True Lithuania

Grand Duchy of Lithuania (until 1569)

For millennia before ~1000 AD, the Baltic tribes lived in a separate world, barely noticed by foreigners, save for sporadic trade. That Baltic area was, however, slowly shrinking, as various migrations have eroded its eastern outreaches. The lands of the Baltic tribe that would become the most famous - the Lithuanians - lied in the region untouched by this cultural change.

Prehistoric territory of the Balts, superimposed on the current state borders. Over the centuries, southern and eastern Baltic territories became Slavic. ©Augustinas Žemaitis.

By 1009, Lithuanians became powerful enough for their name to be known to the outsiders, who mentioned the word "Lithuania" for the first time in the annals of Quedlinburg where a story describes how Saint Bruno was killed by the pagans “on the border of Lithuania and Russ”.

Soon afterward, the Balts became infamous in Western Europe as one of the continent's final pagans. The Christian kings dreamed to convert this area, launching the “Baltic Crusades”. For this job, the Teutonic Order of knights was relocated from the failed anti-muslim campaigns in the Holy Land to Marienburg near the Baltic Sea, ravaging the local Balts.

Under pressure, many of the remaining Balts consolidated into a larger country of Lithuania with its ruler Mindaugas adopting Catholicism and getting crowned in the year 1253. The change in religious policy was short-lived, however, and the next monarch Treniota went back to the defense of paganism and the seemingly eternal war against the Teutonic Order that transformed Western Lithuania into depopulated wastelands.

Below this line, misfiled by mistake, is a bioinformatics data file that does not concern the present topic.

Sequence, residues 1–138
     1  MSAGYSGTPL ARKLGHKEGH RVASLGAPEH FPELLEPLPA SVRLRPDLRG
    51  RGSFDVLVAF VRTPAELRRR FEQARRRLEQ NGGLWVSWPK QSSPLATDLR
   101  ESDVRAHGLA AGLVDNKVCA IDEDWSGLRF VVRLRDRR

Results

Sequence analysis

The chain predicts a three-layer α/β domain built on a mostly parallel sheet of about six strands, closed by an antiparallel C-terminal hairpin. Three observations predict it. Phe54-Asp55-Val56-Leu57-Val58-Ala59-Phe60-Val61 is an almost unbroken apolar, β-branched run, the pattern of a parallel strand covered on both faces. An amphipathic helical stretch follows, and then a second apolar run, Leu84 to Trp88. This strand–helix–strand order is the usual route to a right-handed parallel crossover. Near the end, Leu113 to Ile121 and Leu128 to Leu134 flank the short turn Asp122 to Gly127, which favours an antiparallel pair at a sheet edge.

Lithuanian and Teutonic knights fight during a tournament in Klaipėda Sea Festival. Many clubs specialize in re-enacting the life and warfare of 13th to 16th centuries, seen by many as the most glorious era in Lithuanian history. ©Augustinas Žemaitis.

While ruled by pagan Lithuanians, the Grand Duchy successfully expanded eastwards and annexed many Orthodox lands in modern-day Belarus and Ukraine, therefore becoming the last pagan great power in Europe (and, in fact, the final pagan state).

In 1385 the monarch Jogaila converted his country to Catholicism and adopted the Polish crown in addition to the Lithuanian one by signing the Union of Krėva. Grand Duchy of Lithuania still remained independent and reached its greatest extent under the rule of Vytautas the Great when it was the largest country in Europe stretching from the Baltic Sea to the Black Sea. By this time Orthodox Slavs outnumbered Catholic Lithuanians, but the latter remained in power.

It was the spectacular victory by Vytautas and Jogaila at Žalgiris (Grunewald) in 1410 against the Teutonic knights that finally defeated the Order as it had previously refused to drop territorial claims against Lithuania even after its conversion. Since that moment it was the rapidly expanding Russia (Muscovy) that posed the greatest threat to Lithuania capturing various cities of the Grand Duchy in a series of wars. Russian monarchs claimed that all of Lithuania's Slavic lands should belong to Russia.

Establishment and expansion of the Grand Duchy of Lithuania, superimposed on modern European state boundaries. The areas enclosed by black dotted lines indicates regions both acquired and lost before 1430. ©Augustinas Žemaitis.

See also:
Top 10 Medieval sites in Lithuania
Grand Duchy of Lithuania ethnic relations (1253-1569)

Article written by Augustinas Žemaitis

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